• Parcani – on Gogol Street
    • Dnestrovsc – Two busts
    • Various other towns and villages in Transnistria have Lenin busts and statues in their centres




Statue in the basement of the Polish United Workers Party's House in Warsaw, 2011
Statue in Poronin, near Lenin's Museum, 1960s
Statue in the museum in Kozłówka, moved from Poronin, 2008

In 1939–1941, after the attack of the Red Army, statues of Lenin were in: Sokółka,[86] Augustów, Kolno, Suwałki, Białystok (pulled down in June 1941), Łomża, Choroszcz (3x),[87] Brańsk, Bielsk Podlaski, Jedwabne,[88][89] Siemiatycze,[90] Śniadowo, Czyżewo (pulled down 5 July 1941),[91] Zaręby Kościelne,[92] Zambrów,[93] Przemyśl, Lubaczów, Łapy, Zabłudów[94] etc.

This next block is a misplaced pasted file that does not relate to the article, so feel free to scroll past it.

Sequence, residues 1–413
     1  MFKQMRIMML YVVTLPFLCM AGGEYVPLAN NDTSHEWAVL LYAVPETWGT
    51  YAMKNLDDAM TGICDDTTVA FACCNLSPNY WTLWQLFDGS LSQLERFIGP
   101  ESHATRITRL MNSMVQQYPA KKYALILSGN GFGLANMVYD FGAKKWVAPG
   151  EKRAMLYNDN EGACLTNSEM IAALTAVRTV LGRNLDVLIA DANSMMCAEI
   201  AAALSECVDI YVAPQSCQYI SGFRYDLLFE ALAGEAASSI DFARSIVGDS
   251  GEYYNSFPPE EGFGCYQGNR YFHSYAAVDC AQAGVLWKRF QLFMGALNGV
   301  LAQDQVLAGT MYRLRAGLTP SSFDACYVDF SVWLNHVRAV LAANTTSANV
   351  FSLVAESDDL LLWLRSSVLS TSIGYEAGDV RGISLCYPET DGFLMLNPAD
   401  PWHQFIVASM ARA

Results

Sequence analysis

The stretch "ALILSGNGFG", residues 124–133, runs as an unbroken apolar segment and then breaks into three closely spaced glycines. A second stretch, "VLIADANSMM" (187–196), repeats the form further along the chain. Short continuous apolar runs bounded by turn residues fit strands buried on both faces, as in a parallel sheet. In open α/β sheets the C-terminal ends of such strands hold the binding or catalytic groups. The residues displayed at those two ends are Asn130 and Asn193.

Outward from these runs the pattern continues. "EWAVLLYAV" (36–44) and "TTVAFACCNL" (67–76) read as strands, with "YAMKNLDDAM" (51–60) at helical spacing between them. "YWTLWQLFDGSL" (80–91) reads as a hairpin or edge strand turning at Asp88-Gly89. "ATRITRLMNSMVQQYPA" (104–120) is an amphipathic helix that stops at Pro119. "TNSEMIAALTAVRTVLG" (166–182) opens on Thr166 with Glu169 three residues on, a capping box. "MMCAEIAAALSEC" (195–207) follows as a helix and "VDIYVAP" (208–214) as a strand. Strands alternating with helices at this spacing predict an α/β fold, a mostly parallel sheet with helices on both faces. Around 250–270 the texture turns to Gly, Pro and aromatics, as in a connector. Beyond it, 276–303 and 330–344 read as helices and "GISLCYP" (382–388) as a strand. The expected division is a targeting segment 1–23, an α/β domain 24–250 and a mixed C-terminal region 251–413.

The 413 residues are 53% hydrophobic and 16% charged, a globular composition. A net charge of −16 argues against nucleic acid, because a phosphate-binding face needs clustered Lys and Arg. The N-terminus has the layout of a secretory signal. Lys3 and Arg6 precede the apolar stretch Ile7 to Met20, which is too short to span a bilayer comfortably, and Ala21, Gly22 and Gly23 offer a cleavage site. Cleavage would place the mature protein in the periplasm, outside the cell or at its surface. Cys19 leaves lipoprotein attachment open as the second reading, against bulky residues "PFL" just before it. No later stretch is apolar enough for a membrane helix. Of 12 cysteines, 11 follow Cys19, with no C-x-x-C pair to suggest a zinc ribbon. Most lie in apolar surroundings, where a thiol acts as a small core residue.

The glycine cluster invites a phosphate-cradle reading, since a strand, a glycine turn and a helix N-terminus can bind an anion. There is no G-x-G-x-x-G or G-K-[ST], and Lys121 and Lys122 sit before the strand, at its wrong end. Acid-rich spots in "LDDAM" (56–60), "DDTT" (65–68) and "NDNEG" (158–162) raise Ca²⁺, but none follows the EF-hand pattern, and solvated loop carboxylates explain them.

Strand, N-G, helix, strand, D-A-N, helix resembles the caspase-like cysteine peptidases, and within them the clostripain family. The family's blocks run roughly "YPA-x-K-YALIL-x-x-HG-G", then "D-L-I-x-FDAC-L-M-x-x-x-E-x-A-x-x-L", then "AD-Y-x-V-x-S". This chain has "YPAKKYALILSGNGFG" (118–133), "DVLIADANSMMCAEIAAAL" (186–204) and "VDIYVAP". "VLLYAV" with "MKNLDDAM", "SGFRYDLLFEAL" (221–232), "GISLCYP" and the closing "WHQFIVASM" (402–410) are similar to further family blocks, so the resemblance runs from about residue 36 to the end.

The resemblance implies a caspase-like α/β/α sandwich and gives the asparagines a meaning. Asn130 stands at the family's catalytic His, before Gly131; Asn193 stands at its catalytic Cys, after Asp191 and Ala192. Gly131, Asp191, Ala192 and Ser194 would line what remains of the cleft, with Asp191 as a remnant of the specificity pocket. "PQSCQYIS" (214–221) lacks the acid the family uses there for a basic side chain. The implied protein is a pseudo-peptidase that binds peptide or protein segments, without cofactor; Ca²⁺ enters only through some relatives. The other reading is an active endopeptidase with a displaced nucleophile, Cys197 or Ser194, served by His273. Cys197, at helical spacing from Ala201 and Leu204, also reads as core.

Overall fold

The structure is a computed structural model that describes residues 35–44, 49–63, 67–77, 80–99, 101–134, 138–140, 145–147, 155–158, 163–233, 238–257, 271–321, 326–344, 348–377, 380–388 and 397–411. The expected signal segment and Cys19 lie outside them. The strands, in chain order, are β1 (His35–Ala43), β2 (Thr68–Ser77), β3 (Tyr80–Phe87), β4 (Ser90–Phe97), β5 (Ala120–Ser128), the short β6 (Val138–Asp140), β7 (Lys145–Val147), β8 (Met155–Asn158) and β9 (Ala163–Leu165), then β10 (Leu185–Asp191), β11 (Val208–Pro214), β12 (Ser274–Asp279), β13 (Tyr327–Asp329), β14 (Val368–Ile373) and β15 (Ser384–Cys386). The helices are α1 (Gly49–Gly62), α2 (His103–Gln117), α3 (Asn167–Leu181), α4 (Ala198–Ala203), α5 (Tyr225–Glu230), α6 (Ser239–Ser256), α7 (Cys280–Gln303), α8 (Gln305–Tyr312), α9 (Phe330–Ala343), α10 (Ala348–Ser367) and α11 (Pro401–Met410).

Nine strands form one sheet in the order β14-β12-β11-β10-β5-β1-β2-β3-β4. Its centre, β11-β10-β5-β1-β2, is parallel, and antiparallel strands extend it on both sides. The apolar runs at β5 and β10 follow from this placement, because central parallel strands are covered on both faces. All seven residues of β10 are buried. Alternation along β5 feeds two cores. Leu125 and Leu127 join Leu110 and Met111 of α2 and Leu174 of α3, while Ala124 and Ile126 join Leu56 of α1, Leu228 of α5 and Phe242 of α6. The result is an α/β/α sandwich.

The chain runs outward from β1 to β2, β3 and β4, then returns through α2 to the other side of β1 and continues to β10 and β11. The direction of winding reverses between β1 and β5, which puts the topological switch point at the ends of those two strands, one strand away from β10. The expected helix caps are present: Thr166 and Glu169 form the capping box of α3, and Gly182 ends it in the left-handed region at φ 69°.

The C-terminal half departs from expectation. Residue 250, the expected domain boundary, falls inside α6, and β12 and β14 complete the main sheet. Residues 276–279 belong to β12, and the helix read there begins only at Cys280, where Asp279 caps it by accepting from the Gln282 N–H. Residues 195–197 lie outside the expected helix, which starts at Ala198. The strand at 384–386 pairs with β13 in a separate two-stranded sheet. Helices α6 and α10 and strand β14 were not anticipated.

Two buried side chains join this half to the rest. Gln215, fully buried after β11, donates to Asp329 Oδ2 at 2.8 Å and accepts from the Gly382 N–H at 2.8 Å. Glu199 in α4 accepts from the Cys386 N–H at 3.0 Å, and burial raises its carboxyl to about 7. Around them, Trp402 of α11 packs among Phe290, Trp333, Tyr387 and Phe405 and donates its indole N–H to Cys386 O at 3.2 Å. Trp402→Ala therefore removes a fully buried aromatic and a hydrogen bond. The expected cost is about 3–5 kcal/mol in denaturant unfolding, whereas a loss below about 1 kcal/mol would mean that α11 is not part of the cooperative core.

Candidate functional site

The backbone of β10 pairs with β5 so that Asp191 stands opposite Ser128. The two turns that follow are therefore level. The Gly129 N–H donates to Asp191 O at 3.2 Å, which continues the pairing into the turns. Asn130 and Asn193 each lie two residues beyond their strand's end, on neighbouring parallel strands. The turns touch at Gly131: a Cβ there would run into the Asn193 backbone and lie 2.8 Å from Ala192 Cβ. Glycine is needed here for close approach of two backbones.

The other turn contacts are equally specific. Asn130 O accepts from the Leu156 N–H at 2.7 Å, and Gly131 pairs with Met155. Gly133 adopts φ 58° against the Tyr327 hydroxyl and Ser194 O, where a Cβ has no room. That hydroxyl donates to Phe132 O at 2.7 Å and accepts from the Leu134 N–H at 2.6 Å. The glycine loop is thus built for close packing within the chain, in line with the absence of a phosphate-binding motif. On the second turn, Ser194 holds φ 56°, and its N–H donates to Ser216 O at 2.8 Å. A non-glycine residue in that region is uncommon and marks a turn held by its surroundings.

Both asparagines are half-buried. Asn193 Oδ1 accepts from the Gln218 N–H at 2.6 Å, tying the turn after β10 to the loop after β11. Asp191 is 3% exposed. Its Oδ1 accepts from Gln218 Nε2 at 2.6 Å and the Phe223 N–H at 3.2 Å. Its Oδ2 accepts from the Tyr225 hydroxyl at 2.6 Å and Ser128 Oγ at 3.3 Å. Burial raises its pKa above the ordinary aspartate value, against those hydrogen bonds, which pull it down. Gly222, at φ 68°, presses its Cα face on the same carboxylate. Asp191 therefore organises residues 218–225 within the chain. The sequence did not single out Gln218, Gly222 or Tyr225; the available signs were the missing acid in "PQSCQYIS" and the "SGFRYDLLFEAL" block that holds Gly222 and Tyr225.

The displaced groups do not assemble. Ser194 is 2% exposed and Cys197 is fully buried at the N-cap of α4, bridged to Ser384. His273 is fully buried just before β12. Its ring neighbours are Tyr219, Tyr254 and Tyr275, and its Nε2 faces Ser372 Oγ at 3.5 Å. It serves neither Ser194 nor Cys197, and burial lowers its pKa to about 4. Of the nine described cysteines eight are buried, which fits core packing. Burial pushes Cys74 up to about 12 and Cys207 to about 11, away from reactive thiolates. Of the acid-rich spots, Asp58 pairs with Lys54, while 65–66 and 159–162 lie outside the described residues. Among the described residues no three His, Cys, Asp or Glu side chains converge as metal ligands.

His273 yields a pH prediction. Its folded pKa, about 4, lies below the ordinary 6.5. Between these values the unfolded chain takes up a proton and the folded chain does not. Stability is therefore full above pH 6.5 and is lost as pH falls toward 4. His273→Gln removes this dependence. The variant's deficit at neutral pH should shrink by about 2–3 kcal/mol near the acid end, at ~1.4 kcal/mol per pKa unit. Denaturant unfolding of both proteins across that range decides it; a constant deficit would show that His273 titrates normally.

Statue of Lenin in Murom
Statue of Lenin in Saint Petersburg

Out of 7,000 Lenin statues as of 1991, Russia retained the vast majority. As of 2022, there are approximately 6,000 monuments to Lenin in Russia.[1]

  • Akhtubinsk – a monument installed in the town center, V.I. Lenin Square
  • Almetyevsk – a monument installed in the center of the city on Lenin Square
  • Arzamas – two monuments in the city, in the Cathedral Square and Peace Square
  • Arkhangelsk – A monument on the central square is the last major Lenin monument to be erected in the Soviet Union, in 1988. Others stand in Solombala on the Square, Terekhina on the street, and Gagarin in the yard.
  • Astrakhan – monument installed in the square, V.I. Lenin Square
  • Bakhchysarai (disputed Crimea)
  • Balakovo – Saratov region, two monuments